Shooting Butterflies

‘Her touch is light but acute, her tone easy but flecked with real, black sharpness … a perceptive study of human relations and motivations, painful, funny and fresh’
The Observer

”The heroines of her novels are so strong and so independent of their lovers … readers will flock to support her now her secret’s out’
The Guardian

‘A moving tale … this poignant novel is a reminder of how we look for love in all the wrong places’

In the dramatic and arresting opening to her brilliant new novel, Marika Cobbold draws the reader into the absorbing life of Grace Shield … Shooting Butterflies is a moving tale of love lost and found and of second chances … a heart-wrenching tale that you won’t be able to put down’
Woman’s Way, Dublin

‘The gripping and moving story of one woman’s emotional journey.’
The Times

I was out walking in the country one summer’s day when I came upon a large heap of horse manure on the path in front of me. I was about to step round, nose wrinkled, eyes averted but I paused instead, transfixed by the sight of a beautiful orange and gold butterfly its wings fluttering as it clung onto the heap of manure. That, I thought, just about sums up life.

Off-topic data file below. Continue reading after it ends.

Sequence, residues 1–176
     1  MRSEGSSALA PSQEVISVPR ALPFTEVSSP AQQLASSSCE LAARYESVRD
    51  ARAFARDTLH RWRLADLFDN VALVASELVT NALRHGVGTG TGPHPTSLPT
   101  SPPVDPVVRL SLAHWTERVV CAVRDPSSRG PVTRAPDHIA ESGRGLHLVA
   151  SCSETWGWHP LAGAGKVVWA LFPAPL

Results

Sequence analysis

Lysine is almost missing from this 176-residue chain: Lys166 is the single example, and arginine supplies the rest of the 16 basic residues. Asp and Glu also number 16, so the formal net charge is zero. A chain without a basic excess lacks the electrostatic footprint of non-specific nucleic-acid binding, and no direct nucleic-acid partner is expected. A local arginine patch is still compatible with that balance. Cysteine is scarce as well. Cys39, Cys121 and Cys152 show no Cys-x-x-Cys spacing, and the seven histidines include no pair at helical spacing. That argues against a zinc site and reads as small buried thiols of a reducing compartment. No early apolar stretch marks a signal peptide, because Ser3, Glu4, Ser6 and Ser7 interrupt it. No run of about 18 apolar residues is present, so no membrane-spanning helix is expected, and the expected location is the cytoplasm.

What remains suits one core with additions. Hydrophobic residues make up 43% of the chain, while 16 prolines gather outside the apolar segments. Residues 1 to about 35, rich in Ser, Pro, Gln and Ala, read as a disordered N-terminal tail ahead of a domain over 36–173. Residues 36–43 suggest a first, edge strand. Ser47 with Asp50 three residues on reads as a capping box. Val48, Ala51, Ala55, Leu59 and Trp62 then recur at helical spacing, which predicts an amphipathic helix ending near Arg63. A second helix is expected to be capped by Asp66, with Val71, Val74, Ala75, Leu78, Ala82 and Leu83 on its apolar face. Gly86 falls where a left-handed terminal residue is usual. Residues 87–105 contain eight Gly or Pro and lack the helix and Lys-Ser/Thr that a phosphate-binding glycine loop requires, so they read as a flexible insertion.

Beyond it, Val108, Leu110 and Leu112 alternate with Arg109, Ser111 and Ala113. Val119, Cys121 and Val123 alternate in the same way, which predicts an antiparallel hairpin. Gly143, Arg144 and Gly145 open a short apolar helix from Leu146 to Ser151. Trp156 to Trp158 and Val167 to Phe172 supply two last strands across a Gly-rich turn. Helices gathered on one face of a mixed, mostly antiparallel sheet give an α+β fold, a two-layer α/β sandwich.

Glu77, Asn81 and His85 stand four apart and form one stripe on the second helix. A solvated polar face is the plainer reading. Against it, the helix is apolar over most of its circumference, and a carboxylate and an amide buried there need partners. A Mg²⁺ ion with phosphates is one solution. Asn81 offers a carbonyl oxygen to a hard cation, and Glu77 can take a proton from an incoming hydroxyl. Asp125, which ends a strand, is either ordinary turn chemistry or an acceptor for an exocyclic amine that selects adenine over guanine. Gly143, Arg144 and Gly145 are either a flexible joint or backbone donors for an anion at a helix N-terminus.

I’ve been told by some people that Shooting Butterflies is a rather dark novel but I think it’s about hope. We often here of how tragedy may lurk behind a glittering façade. Well, Grace, my main protagonist claims that sometimes a perfectly good life might be hiding behind a tragic façade. Grace is a photographer. She knows all about the difference an angle, a sliver of light, can make to the picture.

Bad things happen to Grace – bad things happen, that’s life. But in most aspects of her life, Grace has choices. Having choices is something that we might take for granted but for women of previous generations it was all too often an unachievable luxury as Grace realises through her developing friendship with ninety year old Louisa. Louisa Blackstaff; forgotten wife of a great man.

To me, humour is the saving grace of mankind and Grace is funny. I know I wrote her, but she really is quite funny. Like many authors, I am constantly frustrated by the gulf between that which I dream of writing and that which I actually manage to produce, but with Shooting Butterflies I think the gulf has narrowed just a little.